Criteria for a snow day at COCC

0
355

You’re in college and you don’t take the bus to school anymore, so why do you still get snow days? The process is very different at Central Oregon Community College.

A car is covered in snow at the residence hall.  Photo by Cullen Taylor | The Broadside.
A car is covered in snow at the residence hall. Photo by Cullen Taylor | The Broadside.

 

“The first thing we look at is the highways and the routes getting to campus,” said Ron Paradis, director of College Relations at COCC. “We look at how safe it is for cars to be able to get to campus, park and leave campus.”

During the average year, COCC does not close for a full day; instead, a two hour delay or early closing of campus is enacted if necessary. The goal is to always have campus ready to be open, according to Paradis.

COCC has different criteria than the local school districts for calling a snow day. While the school district makes their decisions based on whether or not their buses can run, COCC bases their decision on the safety of students on campus and the main roads, according to Paradis.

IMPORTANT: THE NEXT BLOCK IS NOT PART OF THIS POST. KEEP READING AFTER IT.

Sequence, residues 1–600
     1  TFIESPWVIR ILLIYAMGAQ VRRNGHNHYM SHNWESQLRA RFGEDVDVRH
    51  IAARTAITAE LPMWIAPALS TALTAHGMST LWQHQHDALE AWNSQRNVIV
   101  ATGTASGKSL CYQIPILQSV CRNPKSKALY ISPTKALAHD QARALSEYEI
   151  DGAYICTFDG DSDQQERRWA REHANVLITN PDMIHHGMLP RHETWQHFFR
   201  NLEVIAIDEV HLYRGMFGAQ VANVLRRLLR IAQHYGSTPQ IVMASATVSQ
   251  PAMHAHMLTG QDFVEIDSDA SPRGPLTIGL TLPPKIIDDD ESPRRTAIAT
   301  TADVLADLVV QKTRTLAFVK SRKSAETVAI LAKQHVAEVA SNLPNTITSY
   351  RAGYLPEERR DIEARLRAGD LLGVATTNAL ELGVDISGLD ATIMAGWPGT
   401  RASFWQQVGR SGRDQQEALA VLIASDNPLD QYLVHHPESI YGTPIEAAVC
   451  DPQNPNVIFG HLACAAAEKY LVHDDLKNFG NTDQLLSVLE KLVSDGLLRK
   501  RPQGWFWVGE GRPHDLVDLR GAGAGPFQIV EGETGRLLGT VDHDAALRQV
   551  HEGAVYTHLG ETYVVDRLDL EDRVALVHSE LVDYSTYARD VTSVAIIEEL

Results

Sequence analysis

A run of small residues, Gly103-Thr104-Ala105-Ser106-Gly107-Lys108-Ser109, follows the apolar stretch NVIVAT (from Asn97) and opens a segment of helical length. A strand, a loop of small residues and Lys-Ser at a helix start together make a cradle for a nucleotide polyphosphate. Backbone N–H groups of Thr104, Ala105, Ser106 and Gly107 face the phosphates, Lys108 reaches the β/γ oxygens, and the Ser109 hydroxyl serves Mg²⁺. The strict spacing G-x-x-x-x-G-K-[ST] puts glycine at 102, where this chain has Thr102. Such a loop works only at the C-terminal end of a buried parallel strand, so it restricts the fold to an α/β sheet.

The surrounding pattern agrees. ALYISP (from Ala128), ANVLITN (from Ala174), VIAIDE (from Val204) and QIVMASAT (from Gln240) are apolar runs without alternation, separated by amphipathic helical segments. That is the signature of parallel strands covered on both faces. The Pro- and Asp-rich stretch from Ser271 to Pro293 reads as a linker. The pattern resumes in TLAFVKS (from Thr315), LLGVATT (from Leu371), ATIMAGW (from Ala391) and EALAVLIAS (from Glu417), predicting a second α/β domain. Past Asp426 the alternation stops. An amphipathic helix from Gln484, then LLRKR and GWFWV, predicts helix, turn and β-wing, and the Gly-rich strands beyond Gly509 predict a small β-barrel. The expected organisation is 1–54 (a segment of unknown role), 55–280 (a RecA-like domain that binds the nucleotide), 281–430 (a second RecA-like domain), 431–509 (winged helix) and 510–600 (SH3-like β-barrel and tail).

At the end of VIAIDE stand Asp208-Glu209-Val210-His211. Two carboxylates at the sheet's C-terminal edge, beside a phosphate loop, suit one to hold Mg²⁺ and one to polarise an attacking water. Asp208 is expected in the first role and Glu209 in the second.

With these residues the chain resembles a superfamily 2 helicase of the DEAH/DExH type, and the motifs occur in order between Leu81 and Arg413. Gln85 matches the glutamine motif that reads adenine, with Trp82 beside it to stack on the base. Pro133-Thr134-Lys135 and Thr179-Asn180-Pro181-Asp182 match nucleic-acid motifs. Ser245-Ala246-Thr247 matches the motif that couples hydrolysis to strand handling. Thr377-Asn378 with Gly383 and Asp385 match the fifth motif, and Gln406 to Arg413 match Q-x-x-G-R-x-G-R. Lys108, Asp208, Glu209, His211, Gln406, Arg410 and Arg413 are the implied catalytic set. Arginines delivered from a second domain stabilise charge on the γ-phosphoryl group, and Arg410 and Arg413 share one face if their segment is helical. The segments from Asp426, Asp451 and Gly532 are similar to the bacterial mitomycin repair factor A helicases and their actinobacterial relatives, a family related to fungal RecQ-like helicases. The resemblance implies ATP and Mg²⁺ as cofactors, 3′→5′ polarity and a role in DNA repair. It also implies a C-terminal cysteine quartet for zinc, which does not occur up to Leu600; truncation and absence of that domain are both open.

When the roads have wet snow and slush, and the temperature is dipping low, that is when campus is closed early. This is because when the slush freezes, it makes the roads very dangerous to travel on, according to Paradis.

The final decision regarding the status of school being canceled or delayed falls to Matt McCoy, vice president for administration at COCC.

“We use many sources to determine whether or not to issue a closure,” McCoy said. “These include the city, county, first responders and multiple weather prediction sources. We have eyes and ears in all locations surrounding COCC campuses.”

Students can sign up to be alerted by the Emergency Notification System by logging onto their Bobcat account and choosing whether they want to be alerted via phone call, text, email or all of the above.
The office of college relations also makes every effort possible to notify local media with an informed decision as much in advance as possible, according to McCoy.

 

Rosalinda Corning
The Broadside

rcorning@cocc.edu

LEAVE A REPLY

Please enter your comment!
Please enter your name here